The Disappearance of Eleanor Rigby: Them
"The Disappearance of Eleanor Rigby: Them" is an affecting but disjointed film about trauma's impact on one couple and their families.
"Yossi" is a modest movie about a closeted Israeli cardiologist still living in mourning a decade after his lover's death. It's serious about its characters and their emotions, but still finds room for humor.
The film is a sequel to director Eytan Fox's 2002 breakthrough "Yossi and Jagger," a romance about two men who fall in love while serving together in the Israeli army. Yossi (Ohad Knoller), one half of the earlier film's titular couple, now works in a Tel Aviv hospital. He is a workaholic, well-liked but intensely private. He sleeps in hospital beds between shifts, and tries to keep his colleagues — including a nurse (Ola Schur-Selektar) who has a crush on him and an irresponsible doctor (Lior Ashkenazi) who wants to be his friend — at arm's length.
Yossi lives in a double bind. On the one hand, he isn't comfortable enough with his co-workers to let them know that he's gay. On the other, he isn't comfortable enough with his aging body — ten years older and a good forty pounds heavier than he was in "Yossi and Jagger" — to pursue relationships.
In one the movie's standout scenes, Yossi goes to the apartment of a potential hook-up. The two had met online, and upon finally meeting in person, the other man calls Yossi out — gently but sharply — for deceiving him with old pictures from his army days. In short, Yossi lives in the past — partly out of self-loathing, partly due to trauma. To him, the present is little more than a blur of work, sleep and online porn.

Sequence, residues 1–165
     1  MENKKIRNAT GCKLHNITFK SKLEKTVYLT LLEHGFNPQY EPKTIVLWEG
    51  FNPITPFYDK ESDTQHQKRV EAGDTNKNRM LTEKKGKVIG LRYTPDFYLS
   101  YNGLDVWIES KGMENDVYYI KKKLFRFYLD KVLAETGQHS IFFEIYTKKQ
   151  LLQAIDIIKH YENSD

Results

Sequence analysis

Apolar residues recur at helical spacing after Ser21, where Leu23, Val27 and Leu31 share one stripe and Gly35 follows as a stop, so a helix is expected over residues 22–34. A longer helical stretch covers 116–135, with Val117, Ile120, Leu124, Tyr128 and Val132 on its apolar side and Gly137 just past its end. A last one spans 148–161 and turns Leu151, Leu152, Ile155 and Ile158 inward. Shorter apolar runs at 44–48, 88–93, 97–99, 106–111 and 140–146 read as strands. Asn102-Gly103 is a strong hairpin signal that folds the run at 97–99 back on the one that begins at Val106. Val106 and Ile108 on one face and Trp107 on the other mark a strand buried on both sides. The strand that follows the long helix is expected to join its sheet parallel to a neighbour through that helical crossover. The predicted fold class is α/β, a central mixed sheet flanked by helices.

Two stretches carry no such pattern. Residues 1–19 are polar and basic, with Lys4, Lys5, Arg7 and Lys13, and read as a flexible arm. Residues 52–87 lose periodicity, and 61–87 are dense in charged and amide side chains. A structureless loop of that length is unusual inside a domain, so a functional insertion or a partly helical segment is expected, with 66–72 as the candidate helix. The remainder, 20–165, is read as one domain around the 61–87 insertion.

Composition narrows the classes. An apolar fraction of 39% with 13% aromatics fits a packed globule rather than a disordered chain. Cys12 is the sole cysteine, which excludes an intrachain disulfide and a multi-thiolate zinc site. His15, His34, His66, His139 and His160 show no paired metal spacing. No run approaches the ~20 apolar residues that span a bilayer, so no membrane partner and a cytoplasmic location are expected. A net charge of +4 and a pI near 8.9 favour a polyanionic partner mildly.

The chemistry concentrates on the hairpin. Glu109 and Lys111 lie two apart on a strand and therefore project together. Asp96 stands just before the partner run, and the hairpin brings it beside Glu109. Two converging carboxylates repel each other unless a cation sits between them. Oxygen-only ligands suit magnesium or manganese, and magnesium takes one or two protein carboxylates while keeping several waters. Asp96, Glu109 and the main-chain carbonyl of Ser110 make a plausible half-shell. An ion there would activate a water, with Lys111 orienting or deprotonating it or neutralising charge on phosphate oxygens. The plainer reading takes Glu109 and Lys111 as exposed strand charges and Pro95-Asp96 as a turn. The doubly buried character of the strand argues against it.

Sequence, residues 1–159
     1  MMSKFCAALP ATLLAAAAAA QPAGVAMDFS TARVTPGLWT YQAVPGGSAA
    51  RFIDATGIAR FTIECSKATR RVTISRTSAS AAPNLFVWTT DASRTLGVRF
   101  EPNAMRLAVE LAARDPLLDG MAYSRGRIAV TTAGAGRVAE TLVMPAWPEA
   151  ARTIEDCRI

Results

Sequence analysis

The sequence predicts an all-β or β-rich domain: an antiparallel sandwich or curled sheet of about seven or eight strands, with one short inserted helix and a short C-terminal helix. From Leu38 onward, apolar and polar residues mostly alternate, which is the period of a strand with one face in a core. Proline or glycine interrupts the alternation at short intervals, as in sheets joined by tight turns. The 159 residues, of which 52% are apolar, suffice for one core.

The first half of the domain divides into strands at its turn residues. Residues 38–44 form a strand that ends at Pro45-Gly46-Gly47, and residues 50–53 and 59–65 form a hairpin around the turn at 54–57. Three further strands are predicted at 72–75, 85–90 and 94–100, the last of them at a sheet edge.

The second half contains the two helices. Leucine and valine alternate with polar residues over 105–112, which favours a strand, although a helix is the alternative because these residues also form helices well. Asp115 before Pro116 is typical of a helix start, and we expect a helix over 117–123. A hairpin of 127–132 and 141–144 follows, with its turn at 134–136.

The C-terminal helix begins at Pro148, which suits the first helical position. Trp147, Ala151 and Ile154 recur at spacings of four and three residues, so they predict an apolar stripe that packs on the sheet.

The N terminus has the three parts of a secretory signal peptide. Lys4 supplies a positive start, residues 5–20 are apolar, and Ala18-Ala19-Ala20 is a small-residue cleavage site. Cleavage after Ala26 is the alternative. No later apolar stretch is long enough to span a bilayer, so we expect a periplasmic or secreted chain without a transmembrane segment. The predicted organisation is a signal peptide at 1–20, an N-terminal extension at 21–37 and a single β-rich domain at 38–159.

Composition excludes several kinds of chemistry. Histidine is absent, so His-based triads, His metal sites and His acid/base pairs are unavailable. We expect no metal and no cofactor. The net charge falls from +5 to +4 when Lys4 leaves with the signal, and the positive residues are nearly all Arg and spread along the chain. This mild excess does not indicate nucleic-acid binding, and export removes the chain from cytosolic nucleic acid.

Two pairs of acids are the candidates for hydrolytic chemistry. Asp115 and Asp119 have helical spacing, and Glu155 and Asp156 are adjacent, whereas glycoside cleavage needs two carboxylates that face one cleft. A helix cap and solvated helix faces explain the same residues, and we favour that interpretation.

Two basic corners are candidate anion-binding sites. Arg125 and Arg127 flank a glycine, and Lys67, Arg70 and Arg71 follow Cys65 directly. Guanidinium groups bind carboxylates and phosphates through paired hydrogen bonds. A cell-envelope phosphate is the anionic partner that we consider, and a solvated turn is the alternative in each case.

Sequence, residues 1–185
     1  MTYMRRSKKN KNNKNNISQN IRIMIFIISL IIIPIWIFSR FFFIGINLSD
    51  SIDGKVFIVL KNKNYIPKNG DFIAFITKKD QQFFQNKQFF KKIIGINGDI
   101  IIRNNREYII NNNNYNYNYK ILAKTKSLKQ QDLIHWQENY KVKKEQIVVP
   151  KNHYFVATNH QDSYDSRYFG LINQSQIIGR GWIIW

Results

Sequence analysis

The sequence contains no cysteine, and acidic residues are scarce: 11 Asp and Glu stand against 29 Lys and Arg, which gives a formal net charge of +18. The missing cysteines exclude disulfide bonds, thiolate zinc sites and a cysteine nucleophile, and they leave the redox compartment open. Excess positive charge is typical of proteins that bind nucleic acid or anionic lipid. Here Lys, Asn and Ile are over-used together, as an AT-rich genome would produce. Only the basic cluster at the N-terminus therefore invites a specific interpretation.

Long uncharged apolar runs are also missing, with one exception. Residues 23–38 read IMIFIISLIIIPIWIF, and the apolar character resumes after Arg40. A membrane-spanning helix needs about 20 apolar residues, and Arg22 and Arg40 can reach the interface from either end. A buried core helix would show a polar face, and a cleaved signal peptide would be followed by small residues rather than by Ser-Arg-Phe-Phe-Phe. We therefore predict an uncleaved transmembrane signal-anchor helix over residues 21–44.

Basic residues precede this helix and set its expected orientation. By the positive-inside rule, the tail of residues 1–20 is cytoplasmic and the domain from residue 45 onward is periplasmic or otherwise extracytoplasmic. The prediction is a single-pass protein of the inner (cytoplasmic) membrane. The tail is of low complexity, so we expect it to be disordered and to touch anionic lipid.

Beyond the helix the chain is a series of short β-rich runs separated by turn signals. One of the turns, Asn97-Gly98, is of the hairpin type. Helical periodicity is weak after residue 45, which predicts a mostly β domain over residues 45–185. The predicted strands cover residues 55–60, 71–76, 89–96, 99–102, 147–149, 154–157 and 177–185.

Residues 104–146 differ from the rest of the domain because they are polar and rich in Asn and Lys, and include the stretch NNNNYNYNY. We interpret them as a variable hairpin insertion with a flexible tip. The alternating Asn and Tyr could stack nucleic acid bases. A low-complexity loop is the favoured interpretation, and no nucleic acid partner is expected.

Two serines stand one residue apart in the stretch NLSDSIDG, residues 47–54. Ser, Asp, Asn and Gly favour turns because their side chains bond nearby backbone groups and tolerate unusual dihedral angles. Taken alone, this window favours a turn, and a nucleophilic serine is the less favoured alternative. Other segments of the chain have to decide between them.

"Yossi" follows him as he slowly, painfully learns to let go of the past, first by telling Jagger's parents (Orly Zilbershats, Raffi Tavor) about their relationship and then by going on vacation to the resort town of Eilat. There he meets up with a friendly group of soldiers — one of whom, Tom (Oz Zehavi), is openly gay. Not everything that happens in "Yossi" is necessarily believable, but it is all credible, thanks to the performances and to screenwriter Itay Segal's finely-tuned — and often funny — dialogue.
"Yossi"'s one major flaw is its style, or lack thereof. It looks and moves like a cable TV show — something that would play on FX or AMC. There's a fine line between being pragmatic and being tone-deaf, and at certain critical moments Fox errs on the side of the latter. For instance, a crucial late scene — which could be moving if it were, say, presented as a single take — is undercut by the editing. The scene involves Yossi disrobing — in a sense, coming to terms with his body — but is edited to obscure his nudity. Fox's shot choices are practical, not emotional, and the result robs the moment of any sense of catharsis.
Still, Fox manages to make up for some of his shortcomings as a visual stylist with his talent as a director of actors. Facial expressions, speech rhythms, and body language fill in emotional gaps. As Yossi, Knoller is especially excellent: his unflatteringly scraggily beard, slow walk, and slumpy posture suggest exhaustion and depression. His sad eyes — saddled with big insomniac bags — communicate everything the camera doesn't.
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